In fact, the literature supporting the use of fluoride varnish for caries prevention has led to its endorsement by leading professional organizations. A number of systematic reviews — which represent the highest quality of scientific evidence — affirm its effectiveness. With the goal of preventing and successfully managing disease, oral health professionals can look to the scientific record to support the regular use of fluoride varnish in dental practice.
- Fontana M, Young DA, Wolff MS. Evidence-based caries, risk assessment, and treatment. Dent Clin N Am. 2009:53:149–161.
- Recommendations for using fluoride to prevent and control dental caries in the United States. Centers for Disease Control and Prevention. MMWR Recomm Rep. 2001;50:1–42.
- Weyant RJ, Tracy SL, Anselmo T, et al. Topical fluoride for caries prevention: Executive summary of the updated clinical recommendations and supporting systematic review. J Am Dent Assoc. 2013;144:1279–1291.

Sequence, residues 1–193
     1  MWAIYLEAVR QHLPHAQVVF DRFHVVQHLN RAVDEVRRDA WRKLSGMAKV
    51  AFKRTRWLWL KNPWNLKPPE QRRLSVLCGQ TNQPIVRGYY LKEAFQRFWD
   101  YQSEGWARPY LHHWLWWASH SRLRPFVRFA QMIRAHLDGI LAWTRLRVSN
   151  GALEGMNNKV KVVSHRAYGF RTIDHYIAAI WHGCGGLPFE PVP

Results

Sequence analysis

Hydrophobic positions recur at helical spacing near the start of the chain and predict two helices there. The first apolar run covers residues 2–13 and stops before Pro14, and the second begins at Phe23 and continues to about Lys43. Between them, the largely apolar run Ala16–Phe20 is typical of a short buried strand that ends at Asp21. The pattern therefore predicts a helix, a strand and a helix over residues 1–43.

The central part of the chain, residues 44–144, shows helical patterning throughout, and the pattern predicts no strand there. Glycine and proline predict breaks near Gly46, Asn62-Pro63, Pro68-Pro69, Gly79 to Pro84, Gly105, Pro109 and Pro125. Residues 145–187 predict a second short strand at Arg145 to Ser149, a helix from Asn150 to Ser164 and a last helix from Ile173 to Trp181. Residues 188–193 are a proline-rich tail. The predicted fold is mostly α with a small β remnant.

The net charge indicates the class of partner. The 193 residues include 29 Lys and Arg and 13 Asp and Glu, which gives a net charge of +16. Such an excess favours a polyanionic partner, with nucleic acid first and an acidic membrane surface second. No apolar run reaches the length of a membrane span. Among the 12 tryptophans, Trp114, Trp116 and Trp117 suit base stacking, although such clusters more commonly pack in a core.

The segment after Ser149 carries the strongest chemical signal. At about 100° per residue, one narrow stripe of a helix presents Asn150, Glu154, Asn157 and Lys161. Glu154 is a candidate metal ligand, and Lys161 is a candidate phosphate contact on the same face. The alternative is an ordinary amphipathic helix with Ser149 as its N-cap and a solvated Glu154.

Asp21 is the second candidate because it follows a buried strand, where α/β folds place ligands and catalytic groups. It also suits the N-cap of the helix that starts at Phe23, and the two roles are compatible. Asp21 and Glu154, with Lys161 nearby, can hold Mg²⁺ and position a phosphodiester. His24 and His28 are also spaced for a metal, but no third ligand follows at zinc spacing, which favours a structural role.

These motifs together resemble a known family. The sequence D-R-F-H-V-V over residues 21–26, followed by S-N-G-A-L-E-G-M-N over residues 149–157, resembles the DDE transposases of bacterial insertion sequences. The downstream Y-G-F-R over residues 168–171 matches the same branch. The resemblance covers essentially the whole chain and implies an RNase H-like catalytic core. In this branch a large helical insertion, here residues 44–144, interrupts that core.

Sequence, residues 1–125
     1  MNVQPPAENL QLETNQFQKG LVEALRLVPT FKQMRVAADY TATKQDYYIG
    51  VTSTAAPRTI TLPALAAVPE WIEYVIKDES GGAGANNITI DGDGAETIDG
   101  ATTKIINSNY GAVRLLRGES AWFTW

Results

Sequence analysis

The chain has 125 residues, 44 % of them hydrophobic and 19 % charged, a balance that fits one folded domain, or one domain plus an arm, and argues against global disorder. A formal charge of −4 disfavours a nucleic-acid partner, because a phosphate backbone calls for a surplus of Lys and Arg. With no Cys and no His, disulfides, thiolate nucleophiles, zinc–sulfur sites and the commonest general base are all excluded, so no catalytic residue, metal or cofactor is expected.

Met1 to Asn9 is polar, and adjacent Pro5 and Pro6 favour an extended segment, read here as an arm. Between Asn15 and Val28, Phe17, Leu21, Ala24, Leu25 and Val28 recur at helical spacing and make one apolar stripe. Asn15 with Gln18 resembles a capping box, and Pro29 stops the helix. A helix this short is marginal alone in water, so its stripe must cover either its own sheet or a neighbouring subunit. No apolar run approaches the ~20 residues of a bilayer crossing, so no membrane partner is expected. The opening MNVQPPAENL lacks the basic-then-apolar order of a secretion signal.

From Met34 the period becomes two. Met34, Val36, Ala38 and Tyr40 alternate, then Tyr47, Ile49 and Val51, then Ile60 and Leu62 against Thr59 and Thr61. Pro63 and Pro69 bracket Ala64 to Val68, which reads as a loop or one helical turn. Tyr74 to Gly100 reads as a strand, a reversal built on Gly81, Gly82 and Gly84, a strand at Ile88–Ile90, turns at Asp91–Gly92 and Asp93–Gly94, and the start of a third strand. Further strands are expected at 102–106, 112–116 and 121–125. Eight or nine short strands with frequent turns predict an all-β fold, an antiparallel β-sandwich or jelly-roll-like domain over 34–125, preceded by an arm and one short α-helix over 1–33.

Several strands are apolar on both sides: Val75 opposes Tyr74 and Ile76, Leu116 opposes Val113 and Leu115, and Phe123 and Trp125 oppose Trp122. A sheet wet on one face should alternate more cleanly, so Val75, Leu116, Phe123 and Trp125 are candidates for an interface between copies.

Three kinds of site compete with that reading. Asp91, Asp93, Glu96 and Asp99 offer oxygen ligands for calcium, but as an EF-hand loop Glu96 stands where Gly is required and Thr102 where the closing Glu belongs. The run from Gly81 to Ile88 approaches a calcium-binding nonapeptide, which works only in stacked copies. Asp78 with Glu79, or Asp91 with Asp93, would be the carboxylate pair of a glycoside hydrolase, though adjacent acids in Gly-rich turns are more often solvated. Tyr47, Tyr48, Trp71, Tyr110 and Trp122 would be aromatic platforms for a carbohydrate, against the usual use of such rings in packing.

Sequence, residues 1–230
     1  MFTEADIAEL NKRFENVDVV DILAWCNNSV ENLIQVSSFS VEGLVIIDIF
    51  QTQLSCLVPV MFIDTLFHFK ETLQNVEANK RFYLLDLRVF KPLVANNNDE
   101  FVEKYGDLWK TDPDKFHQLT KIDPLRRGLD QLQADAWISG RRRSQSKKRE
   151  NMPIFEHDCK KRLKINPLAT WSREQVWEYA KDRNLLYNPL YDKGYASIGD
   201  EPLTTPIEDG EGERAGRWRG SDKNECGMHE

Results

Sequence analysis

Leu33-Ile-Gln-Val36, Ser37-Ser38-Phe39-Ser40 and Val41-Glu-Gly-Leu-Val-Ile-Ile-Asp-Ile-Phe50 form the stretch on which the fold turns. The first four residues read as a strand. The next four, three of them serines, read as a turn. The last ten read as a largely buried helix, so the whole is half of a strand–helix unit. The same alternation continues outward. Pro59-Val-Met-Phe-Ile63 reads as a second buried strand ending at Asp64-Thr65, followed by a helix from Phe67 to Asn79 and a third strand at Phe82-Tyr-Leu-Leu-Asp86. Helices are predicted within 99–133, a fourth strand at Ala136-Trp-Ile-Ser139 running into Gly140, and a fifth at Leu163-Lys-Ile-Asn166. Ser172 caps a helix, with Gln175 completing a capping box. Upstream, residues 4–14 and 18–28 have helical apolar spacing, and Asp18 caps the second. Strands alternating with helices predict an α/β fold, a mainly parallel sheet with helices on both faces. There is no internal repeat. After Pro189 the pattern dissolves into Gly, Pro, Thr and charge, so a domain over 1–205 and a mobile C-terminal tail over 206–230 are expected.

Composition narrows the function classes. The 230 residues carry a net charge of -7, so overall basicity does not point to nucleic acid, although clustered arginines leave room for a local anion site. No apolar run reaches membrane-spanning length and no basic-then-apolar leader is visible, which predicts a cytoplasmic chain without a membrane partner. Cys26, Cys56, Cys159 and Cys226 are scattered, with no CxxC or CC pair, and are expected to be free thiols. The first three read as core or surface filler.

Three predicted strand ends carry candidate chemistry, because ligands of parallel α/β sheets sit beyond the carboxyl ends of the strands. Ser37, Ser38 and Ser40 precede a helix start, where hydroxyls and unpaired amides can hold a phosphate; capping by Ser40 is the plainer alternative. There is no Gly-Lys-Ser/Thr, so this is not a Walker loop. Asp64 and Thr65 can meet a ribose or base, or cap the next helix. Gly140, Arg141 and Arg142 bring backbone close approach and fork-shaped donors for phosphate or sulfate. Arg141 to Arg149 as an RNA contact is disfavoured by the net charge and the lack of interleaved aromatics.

- Moyer VA. Prevention of dental caries in children from birth through age 5 years: U.S. Preventive Services Task Force Recommendation Statement. Pediatrics. 2014;133:1102–1111.
- Straus SE, Richardson WS, Glasziou P, Haynes RB. Evidence-Based Medicine: How to Practice and Teach It. 4th ed. Edinburgh: Churchill Livingstone; 2010.
- Marinho VCC, Worthington HW, Walsh T, Clarkson JE. Fluoride varnishes for preventing dental caries in children and adolescents. Cochrane Database Syst Rev. 2013;7:CD002279.
- Twetman S, Dhar V. Evidence of effectiveness of current therapies to prevent and treat early childhood caries. Pediatr Dent. 2015;37:246–253.
- Benson PE, Parkin N, Dyer F, Millett DT, Furness S, Germain P. Fluorides for the prevention of early tooth decay (demineralized white lesions) during fixed brace treatment. Cochrane Database Syst Rev. 2013;12:CD003809.
- Lenzi TL, Montaner AF, Soares FZM, Rocha RO. Are topical fluorides effective for treating incipient carious lesions? A systematic review and meta-analysis. J Am Dent Assoc. November 5, 2015. Epub ahead of print.
- Dorri M, Dunne SM, Walsh T, Schwendicke F. Micro-invasive interventions for managing proximal dental decay in primary and permanent teeth. Cochrane Database Syst Rev. 2015;11:CD010431.
- Twetman S. The evidence base for professional and self-care prevention— caries, erosion and sensitivity. BMC Oral Health. 2015;15(Suppl 1):S4.
Featured image courtesy of NATIONAL INSTITUTES OF HEALTH/SCIENCE SOURCE
From Decisions in Dentistry. January 2017;3(1):50-53.